"If I ran the fair . . . I'd have elephants to take you around, and I'd have big, big tents," wrote Kimberly Pace, a fourth-grader from Provo. "And I would have candy hidden everywhere."
Sarah Loy, in the third grade at Lowell Elementary School, said she would "have oxen pulling a cart to ride in."
"I would have a place where you can rent a bike and go on a bike course. I'd have a track where you could run races," said Penny Cannon, a sixth-grader from Brigham City. "If I ran the fair I would have a place to dance. I would make changes and I'd have a show going on all the time and I would have more benches and chairs to sit on."
Many students expressed a desire to have everything FREE!
"If I ran the fair . . . I would lower the price on soda pop because some of the kids aren't millionaires!" said Jim Keller, Brigham City.
Gragn Ethn McAffee, eighth grade, Summit Middle School, Kamas, wants to let teachers, school kids and bus drivers in free. "If I ran the fair I'd get more free things, I'd lower the prices on tickets, put more interesting things in and make the fair funner," wrote Donald Gerde, a fourth-grader from Goshen. His classmate, Marc Cardenas "would make the foods and drinks cheaper."
The essays revealed the children's concern for the animals and their care. Jenny Buxton, who's in the sixth grade in Farmington, said, "If I ran the fair the animals would have a bath every day. The horses would brush their teeth, cows would use mouth wash and pigs wouldn't gush in the mud . . . only buttermilk."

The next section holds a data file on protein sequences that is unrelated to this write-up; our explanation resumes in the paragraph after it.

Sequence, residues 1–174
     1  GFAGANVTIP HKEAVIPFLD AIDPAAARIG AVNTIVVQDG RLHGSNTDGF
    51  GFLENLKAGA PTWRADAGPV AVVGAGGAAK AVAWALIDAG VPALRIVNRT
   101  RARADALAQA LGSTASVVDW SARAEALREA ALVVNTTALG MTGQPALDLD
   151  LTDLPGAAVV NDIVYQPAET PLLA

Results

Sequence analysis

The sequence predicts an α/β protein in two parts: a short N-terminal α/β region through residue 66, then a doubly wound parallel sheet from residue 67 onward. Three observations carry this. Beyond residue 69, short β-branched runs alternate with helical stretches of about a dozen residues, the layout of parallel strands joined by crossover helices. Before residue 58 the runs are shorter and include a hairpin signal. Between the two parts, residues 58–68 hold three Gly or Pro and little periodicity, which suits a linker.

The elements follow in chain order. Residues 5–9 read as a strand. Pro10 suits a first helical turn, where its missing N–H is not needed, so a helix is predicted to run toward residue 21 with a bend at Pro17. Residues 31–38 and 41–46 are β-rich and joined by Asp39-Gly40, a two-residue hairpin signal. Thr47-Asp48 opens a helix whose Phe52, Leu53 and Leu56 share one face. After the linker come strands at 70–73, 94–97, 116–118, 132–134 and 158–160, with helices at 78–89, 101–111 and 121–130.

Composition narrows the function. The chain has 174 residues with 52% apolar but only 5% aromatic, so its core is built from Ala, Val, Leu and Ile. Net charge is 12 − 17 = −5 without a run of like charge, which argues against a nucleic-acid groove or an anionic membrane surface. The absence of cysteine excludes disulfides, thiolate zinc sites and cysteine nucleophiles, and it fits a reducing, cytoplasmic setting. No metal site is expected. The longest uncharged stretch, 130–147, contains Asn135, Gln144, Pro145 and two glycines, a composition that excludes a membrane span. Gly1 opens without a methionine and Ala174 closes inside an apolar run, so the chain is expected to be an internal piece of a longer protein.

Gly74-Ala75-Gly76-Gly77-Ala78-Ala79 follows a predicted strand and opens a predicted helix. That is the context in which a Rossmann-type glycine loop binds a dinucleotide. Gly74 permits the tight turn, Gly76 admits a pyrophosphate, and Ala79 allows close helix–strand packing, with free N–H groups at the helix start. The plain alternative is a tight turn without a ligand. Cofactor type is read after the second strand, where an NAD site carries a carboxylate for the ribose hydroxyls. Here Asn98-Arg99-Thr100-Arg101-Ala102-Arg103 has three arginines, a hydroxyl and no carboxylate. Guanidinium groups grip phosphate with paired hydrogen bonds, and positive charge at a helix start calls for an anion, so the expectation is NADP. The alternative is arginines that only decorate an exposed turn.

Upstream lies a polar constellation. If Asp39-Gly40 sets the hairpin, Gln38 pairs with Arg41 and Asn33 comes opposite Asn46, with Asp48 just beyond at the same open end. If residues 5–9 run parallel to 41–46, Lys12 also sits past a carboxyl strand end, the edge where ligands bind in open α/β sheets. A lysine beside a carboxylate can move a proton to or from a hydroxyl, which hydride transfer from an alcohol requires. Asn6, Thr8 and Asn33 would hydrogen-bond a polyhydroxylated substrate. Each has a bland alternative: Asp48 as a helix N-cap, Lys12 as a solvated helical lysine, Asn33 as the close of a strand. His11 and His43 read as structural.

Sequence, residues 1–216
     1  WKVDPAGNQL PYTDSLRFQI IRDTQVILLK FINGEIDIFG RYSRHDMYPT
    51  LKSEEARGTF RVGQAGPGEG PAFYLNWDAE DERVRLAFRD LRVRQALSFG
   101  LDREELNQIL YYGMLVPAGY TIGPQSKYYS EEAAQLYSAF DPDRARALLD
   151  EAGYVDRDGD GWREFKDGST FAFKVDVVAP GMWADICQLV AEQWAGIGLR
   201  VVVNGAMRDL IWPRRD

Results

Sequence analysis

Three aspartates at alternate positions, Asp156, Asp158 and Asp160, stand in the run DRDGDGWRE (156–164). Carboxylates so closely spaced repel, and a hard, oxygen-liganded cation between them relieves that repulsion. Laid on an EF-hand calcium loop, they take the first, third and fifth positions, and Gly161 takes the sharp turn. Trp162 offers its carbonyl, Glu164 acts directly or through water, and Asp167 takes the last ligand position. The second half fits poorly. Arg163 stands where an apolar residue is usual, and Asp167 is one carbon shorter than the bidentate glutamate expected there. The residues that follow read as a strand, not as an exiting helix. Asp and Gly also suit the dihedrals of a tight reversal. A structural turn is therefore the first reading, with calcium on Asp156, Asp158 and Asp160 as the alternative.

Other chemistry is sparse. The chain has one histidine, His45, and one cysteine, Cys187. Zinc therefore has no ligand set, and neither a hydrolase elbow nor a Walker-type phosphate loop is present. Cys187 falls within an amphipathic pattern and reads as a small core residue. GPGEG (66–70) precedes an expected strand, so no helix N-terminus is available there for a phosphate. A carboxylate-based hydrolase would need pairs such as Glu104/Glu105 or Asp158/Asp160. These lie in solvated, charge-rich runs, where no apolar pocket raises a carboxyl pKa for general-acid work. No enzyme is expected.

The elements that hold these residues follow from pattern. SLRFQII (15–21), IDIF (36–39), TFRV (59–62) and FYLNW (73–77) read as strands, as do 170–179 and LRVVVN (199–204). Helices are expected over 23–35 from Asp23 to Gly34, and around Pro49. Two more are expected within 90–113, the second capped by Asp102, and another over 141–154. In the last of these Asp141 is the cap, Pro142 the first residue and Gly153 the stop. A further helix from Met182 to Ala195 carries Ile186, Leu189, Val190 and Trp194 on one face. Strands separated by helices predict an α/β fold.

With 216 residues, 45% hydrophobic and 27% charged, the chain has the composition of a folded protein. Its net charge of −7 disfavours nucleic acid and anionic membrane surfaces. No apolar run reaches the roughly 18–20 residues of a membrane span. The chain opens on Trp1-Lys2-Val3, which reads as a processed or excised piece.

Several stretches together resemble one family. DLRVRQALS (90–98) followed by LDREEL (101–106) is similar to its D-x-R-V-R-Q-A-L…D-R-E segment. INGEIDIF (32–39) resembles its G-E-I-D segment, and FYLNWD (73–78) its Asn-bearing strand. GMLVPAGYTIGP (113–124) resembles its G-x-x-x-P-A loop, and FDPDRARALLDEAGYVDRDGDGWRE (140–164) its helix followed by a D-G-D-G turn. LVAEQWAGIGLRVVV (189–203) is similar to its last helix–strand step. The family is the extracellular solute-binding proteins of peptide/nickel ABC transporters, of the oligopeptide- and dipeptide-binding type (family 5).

"If I ran the fair I would make it more interesting and enjoyable. I would have mud volleyball played with a cash award of $70 for the winning team. Afterwards, we'd watch mud wrestling with a $50 prize," wrote Chad Orison, sixth grade, Knowlton Elementary School, Franklin.
The young essayists also suggested that the fair be "in Europe," "in Virginia," "in St. George" - and one said it wouldn't be a bad idea to have the fair three times a year.
"If I ran the fair I'd have at least three fairs a year. One in the spring for the flowers, another in the summer for the mountains, and a city fair," wrote Desiree Gallenson, a Nibley Park fifth-grader. "I would also have pie-eating contests, coloring contests and balloon rides."